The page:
Hepler seems to be what could be called a sexual fundamentalist. Not unlike religious fundamentalists, sexual fundamentalists see sexual expression — i.e., the urge to merge — in an excessively literal way. Their logic is that fantasies must be compulsively acted out. But sexuality is not just between our legs or even between our bodies. Adolescents experience an abundance of sexual stimuli fueled externally by sexual evangelists of the media, from the soap operas to MTV, but without any other comparable competing models or guidelines, they can take it all too literally.
Hepler suggests that Maslow’s hierarchy of needs illustrates “the objective causation of the ‘problem’ of teen sexuality.” But Maslow’s self-actualization message is basically a lot of bourgeois baloney. It’s an ideological assumption of certain egomaniacal elites. In the Christian tradition, in contrast, the “true self” can only be fully actualized through transcendence of oneself (Ms. Hepler, read your Scriptures again!).
Center for Christianity and the Common Good
La Paz, Mexico
Excuses or Forgiveness?
L. Anne Hepler, in excusing sexual promiscuity, says that “Christ’s message…is that we are to act ultimately in a loving way toward everyone…” (letter, Dec. 1992). I would like to shift the terms of the argument slightly by pointing out that the command to love one’s neighbor does not require one to approve of that neighbor’s conduct. Surely Hepler knows the wisdom of the saying, “Love the sinner, hate the sin.”
As fallen, imperfect, broken creatures, we often do things that are sinful, foolish, and unhealthy. These deeds must be recognized for what they are. Otherwise we will not even try to avoid hurting ourselves and others. If our fallenness makes us less than angels, our moral capacity makes us better than beasts. The bridge between loving the person and hating the sin is forgiveness, not self-righteous condemnation, nor the sort of excusing on the grounds of difficult conditions that Hepler engages in. A forgiven sinner is a better and happier person than someone who is told, “Oh well, that’s about all that could be expected of you, given the circumstances.”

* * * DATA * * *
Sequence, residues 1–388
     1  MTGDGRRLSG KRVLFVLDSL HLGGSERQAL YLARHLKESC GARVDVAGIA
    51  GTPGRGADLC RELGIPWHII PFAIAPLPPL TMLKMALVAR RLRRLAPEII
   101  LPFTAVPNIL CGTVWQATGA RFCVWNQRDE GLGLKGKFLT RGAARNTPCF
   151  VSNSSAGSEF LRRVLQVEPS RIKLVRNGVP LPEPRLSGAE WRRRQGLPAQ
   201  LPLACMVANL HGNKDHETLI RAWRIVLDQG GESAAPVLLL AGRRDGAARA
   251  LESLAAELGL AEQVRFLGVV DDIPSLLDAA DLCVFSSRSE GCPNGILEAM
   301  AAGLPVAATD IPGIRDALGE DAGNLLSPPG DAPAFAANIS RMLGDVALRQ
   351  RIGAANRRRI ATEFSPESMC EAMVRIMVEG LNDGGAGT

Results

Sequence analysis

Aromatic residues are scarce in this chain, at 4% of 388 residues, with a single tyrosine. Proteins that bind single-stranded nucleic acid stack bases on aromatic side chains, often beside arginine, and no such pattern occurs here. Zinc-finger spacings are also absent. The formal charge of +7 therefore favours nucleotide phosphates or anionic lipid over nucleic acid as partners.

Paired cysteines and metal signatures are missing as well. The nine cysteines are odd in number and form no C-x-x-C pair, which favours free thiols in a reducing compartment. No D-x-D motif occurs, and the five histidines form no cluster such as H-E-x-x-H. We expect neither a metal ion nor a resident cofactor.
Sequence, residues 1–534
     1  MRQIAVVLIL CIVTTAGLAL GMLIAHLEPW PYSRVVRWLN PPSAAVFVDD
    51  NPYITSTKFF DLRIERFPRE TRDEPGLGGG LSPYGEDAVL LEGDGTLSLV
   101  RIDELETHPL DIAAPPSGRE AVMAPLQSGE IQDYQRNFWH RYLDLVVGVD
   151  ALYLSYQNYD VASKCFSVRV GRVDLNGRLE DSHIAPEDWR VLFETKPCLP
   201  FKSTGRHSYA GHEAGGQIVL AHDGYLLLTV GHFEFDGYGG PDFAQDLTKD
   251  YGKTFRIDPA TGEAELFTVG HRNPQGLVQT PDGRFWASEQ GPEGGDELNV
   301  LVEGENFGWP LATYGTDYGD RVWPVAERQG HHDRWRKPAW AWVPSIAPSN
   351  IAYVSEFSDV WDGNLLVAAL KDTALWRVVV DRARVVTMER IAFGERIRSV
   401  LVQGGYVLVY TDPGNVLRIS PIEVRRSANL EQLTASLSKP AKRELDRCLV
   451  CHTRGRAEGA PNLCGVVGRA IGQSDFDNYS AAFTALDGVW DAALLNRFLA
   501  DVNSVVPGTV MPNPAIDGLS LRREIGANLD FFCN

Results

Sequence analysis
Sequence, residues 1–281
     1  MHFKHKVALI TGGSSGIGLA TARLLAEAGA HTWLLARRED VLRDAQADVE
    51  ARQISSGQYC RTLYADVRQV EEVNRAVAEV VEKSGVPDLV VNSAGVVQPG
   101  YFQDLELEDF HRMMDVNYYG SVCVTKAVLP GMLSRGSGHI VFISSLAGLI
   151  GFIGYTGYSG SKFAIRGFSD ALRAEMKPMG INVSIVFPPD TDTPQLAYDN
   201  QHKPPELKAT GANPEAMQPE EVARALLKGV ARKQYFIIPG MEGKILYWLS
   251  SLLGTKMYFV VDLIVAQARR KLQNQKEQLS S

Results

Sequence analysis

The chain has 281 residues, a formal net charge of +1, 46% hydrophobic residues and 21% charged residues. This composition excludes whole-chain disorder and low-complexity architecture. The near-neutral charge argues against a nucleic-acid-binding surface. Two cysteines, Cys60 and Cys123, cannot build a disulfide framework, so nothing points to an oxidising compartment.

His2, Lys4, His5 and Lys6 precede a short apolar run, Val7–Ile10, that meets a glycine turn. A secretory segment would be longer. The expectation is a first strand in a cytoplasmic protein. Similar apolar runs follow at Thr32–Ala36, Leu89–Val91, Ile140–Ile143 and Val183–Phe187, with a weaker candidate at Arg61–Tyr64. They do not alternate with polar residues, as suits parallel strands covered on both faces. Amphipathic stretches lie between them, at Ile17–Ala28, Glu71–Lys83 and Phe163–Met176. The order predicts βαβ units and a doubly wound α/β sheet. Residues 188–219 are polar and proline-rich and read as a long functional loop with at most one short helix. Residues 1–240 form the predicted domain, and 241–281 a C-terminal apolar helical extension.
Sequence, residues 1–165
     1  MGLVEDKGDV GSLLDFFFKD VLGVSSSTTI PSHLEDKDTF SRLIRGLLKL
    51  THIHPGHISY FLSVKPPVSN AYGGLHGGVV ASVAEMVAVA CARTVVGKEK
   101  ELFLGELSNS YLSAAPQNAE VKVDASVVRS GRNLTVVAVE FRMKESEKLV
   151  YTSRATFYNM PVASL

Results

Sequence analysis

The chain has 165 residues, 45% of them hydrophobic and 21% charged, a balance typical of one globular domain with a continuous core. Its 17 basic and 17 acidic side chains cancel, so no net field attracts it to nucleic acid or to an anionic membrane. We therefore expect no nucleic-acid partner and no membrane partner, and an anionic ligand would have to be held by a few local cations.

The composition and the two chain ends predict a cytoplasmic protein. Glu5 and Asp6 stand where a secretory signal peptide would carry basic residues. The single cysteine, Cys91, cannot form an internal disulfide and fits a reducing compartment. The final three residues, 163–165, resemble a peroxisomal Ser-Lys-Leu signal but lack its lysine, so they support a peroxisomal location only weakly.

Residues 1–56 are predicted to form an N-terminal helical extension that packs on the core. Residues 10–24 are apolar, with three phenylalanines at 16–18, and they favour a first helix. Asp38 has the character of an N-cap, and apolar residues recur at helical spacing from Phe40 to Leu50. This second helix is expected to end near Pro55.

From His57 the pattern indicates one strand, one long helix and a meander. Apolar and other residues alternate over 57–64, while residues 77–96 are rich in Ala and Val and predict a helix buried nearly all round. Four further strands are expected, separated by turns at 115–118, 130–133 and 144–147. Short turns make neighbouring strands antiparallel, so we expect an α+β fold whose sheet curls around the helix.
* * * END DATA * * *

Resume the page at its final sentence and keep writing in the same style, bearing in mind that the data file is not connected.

Sara Thurow, Director
State University of New York
Acknowledgement & Apology
With regard to my review entitled “From Positivism to Postmodernism” (Oct. 1992), I wish to add a note of acknowledgment to Prof. Neil Tennant for his article “Carnap and Quine.” I also wish to apologize for inadvertently using a sentence from this article. Readers interested in pursuing the topic of the review are referred to Tennant’s article, forthcoming in W. Salmon (ed.), Logic, Language and the Structure of Scientific Theories.
Prof. Gary Mar
Yves R. Simon Institute
Stony Brook, New York
Lousy, Lazy Liberal
Regarding Mark P. Shea’s “The Liberalism of Fools” (Jan.-Feb. 1993): His article was mistitled; it would more appropriately have been titled “The Liberalism of a Fool.”
Shea’s piece is framed around two unsubstantiated opinions: The first is that the magazines at the grocery checkout line are noteworthy sources for the illogical spewings of Hollywood leftists, and the second is that at least one left-coast liberal understands the Reagan legacy. Shea’s piece inadvertently demonstrates that, even if the latter were true, the “one” would not be Shea — and this is sufficient to qualify him for a year’s subscription to each of the above referred-to magazines.